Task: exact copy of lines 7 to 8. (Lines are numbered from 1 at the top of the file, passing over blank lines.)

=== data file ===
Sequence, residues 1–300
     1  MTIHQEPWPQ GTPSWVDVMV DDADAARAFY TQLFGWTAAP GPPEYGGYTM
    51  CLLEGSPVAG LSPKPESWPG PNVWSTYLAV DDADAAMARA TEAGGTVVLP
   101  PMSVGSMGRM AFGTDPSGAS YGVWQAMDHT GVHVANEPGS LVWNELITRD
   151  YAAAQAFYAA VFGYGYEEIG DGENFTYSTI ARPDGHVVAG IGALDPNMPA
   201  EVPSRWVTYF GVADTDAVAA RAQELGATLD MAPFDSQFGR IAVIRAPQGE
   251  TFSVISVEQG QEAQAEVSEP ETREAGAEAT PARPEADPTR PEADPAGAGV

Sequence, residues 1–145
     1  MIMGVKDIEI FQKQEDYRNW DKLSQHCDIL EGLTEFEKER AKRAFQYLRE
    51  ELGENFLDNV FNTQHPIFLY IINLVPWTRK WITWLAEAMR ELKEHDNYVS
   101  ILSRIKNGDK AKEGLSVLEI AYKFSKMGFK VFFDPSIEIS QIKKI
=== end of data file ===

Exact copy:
   251  TFSVISVEQG QEAQAEVSEP ETREAGAEAT PARPEADPTR PEADPAGAGV

Sequence, residues 1–145